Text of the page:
I consider everything a loss because of the surpassing worth of knowing Christ Jesus my Lord. Philippians 3:8
In early 2019, Charlie VanderMeer died at the age of eighty-four. For many decades, he was known to thousands and thousands of people as Uncle Charlie, the host of the national radio broadcast Children’s Bible Hour. The day before Uncle Charlie slipped into eternity, he told a good friend, “It’s not what you know, it’s who you know. Of course, I’m talking about Jesus Christ.”
Even as he faced the end of his life, Uncle Charlie couldn’t help but talk about Jesus and the necessity for people to receive Him as their Savior.
The apostle Paul considered knowing Jesus his most important task: “I consider everything a loss because of the surpassing worth of knowing Christ Jesus my Lord, for whose sake I have lost all things. I consider them garbage, that I may gain Christ and be found in him” (Philippians 3:8–9). And how do we know Jesus? “If you declare with your mouth, ‘Jesus is Lord,’ and believe in your heart that God raised him from the dead, you will be saved” (Romans 10:9).
We may know facts about Jesus, we may know all about the church, and we may even be familiar with the Bible. But the only way to know Jesus as Savior is to accept His free gift of salvation. He’s the Who we need to know.
In your relationship with Jesus, how have you experienced that it’s Who you know, not what? What has Christ’s forgiveness meant to you?
Father God, I pray for all who’ve yet to come to know Jesus by believing in Him and accepting His sacrifice on their behalf. And if I’m one who hasn’t received Jesus as my Savior, may I confess with my mouth “Jesus is Lord” today.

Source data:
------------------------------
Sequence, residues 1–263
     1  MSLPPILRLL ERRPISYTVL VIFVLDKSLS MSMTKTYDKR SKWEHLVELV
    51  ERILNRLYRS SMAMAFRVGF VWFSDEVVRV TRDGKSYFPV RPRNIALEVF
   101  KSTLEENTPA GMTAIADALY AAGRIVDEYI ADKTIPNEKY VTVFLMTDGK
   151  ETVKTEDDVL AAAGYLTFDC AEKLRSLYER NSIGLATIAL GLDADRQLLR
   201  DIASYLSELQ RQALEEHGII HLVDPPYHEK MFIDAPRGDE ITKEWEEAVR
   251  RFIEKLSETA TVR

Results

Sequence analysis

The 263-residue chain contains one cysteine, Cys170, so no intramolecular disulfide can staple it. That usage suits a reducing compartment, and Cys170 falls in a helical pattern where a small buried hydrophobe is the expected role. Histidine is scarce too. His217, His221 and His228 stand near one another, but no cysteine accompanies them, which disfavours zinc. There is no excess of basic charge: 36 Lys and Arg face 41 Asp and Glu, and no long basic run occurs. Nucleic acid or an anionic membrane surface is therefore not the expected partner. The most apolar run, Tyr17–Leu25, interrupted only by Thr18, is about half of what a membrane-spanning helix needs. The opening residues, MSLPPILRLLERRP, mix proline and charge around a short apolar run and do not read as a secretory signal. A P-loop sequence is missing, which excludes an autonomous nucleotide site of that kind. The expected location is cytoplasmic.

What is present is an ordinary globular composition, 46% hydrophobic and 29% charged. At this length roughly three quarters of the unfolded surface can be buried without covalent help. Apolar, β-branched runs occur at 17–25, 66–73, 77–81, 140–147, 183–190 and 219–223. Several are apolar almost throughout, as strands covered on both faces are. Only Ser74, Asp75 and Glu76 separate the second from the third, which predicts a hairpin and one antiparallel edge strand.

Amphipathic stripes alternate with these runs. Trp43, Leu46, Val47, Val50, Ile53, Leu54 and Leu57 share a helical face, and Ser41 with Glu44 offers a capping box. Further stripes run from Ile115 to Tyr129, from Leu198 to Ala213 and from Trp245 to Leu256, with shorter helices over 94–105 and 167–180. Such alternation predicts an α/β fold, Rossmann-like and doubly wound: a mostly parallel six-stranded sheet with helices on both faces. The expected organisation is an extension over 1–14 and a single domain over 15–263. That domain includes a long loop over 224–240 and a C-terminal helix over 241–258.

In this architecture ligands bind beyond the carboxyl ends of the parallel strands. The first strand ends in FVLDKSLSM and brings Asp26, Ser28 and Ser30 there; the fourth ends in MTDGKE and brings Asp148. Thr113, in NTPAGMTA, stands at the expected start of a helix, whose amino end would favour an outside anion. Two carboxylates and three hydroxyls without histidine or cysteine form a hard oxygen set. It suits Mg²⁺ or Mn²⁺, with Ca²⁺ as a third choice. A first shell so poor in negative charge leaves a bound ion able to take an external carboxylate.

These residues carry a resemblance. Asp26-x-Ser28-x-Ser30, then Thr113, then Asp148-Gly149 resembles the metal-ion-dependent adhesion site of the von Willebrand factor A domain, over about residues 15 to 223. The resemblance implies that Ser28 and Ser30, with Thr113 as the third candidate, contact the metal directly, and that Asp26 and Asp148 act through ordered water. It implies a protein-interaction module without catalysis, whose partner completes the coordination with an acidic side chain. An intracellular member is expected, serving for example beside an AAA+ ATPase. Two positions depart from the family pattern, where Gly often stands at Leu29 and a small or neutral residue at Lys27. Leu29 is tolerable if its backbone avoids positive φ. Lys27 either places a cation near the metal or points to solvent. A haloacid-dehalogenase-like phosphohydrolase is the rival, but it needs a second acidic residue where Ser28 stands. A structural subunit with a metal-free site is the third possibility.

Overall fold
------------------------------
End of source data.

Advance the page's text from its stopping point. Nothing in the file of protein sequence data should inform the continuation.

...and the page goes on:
To learn more about who Jesus is, visit ChristianUniversity.org/NT109-03.
In Paul’s letter to believers in Christ in Philippi, he uses his own story to show the difference between two ways of thinking about spiritual righteousness—rightness in one’s own eyes and rightness in the eyes of God. Paul had advanced in a religious culture of proud ritual compliance. Only after meeting the resurrected Christ on the road to Damascus did he learn about rightness of the heart. Only in the blessedness of brokenness did he see his need for mercy. Religious self-righteousness had fueled the violence he inflicted on believers in Jesus whom he believed posed a danger to the faith and peace of Israel. Only after hearing Christ say, “Saul, Saul, why do you persecute me?” (Acts 9:4) did he discover a rightness of heart that led him to suffer for others as Jesus had suffered for him.